Her favorite fun thing when she helps me with laundry is cleaning the lint screen. She must see me use the old dryer sheet to wipe the lint screen, and think that's the one-and-only way it can be done, because yesterday, amidst the mad screams, she kept pointing to the box of dryer sheets and demanding that I hand her one.
"No Sweetie. You don't need one of those. Just use your
"Honey, that doesn't clean the lint. Mommy just uses the old one to throw it
all away at one time."
"I'm NOT giving you a brand new dryer sheet to wipe out the lint
screen. Would you quit?!"

She'd had enough. Anna is a raging bull in a Smurf's body when she's. Had. Enough.

I'm sure that, by her reckoning, the world was careening, the guillotine was dropping, and she was being flung to the wild corners of the universe. With fire in her eyes, snot leaking from her nose, her tiny frame quivering with rage... she opened her ferocious jaws... and chomped down... on a fistful of LINT.


That raging bull came tumbling back to reality. Her teary eyes pleaded with me for answers, for comfort, for a drink of water. Her fuzzy tongue stuck out as far as it could go as she delicately picked off pieces of sweaters and towels. And then she wanted Mommy to hold her.
Sweet baby. She really can't catch a break. I'm going to have to seriously look into some inheritance money.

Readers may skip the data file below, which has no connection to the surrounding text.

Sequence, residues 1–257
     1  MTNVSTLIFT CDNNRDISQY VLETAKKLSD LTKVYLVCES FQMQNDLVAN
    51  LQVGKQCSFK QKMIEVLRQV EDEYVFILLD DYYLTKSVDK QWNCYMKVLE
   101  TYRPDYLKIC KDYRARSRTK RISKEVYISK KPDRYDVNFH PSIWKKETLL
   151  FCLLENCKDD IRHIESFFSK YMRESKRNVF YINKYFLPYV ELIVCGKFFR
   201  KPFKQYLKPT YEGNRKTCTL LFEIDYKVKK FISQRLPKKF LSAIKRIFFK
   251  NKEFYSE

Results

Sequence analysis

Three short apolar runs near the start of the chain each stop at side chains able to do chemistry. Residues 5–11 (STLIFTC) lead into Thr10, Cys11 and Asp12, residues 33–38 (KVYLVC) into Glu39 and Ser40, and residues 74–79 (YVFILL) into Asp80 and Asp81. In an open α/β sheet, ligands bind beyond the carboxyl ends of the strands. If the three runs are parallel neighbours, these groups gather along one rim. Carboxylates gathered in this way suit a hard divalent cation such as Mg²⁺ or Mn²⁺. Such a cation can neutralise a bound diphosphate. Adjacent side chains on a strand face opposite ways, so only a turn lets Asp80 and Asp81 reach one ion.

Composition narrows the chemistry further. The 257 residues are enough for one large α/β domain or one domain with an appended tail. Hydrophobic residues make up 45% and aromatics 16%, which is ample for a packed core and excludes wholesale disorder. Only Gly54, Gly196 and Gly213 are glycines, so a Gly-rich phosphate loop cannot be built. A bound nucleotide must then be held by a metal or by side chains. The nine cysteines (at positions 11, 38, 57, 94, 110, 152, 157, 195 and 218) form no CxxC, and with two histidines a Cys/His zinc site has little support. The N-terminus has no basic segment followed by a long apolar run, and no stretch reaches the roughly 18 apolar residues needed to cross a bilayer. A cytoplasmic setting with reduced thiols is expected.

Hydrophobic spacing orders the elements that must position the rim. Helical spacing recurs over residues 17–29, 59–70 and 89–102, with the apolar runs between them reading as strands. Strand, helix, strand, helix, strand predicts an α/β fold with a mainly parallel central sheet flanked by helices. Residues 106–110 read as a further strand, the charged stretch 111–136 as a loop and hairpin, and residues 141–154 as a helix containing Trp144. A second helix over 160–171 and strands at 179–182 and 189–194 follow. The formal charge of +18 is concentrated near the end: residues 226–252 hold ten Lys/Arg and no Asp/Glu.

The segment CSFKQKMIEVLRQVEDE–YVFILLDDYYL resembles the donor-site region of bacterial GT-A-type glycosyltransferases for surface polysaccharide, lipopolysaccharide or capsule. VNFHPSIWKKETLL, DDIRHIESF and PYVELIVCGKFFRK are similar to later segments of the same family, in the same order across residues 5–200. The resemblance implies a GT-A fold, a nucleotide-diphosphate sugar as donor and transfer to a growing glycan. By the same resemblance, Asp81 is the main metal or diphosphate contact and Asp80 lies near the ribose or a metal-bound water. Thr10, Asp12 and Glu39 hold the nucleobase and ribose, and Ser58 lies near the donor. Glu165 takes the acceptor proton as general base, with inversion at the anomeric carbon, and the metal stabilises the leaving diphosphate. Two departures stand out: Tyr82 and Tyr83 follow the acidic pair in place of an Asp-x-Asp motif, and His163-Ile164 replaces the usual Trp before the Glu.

:Somebody Stop Me:

Homeschoolers are strange people. You can spot us a mile away. You can hear us coming. (Because we're talking about astronomy and Native American composting techniques in the 17th century.)

The kids and I are studying Early Settlers this month, so as a bonus we've made some simple Jamestown-ish costumes. Coifs, dresses, collars, aprons... whatever we can piece together to help us get in the spirit of things.
Our co-op came over Wednesday to learn about what the settlers would've eaten and how they would've cooked it. Over and open fire in my backyard, to be precise.
So I'm standing there in my billowy apron and settler dress, trying to stoke the fire for some baked apples and scrambled eggs, and this apron just keeps flapping into the flames. Not once or twice, but many a time.

I can see the headlines now:

Homeschool Quack Sets Self, House on Fire for Cooking Experiment
- "I wanted to be authentic. I never thought the apron would drag through the
flames and melt my shoes. The cider was good though."

Oy vey. I should have just worn blue jeans.

01 November 2006

Over Simplifying

I realize it's very easy to throw the baby out with the bath water when you begin to wrestle with things like simplification.

Although God handed Moses the 10 Commandments, He also instructed the Israelites to approach worship and interaction with Himself in a very particular manner. Ensuring the righteousness of a sinful people as they approached a holy and blameless God was bound to require a fair amount of do's and don'ts. Please don't misinterpret me then, when I say I want to simplify my Christian walk. I want to get down to the firm foundation of my faith. I am not interested in taking communion and remembering Christ's sacrifice for me with angel food cake and espresso. To me, that type of informality insults what Christ did for humankind. Yahweh is not my good buddy. He calls me "friend," but He is NOT my pal. Simplification does not equal shallowness.

In the near future, I'll touch on materialism and consumerism, and I will issue a "use your stash" challenge. Whether it's food in our pantry, scraps in our fabric bin, Christmas wrap we've saved over the years, or socks in our sock drawer, we frequently overlook things sitting right in front of us in favor of something new and crisp.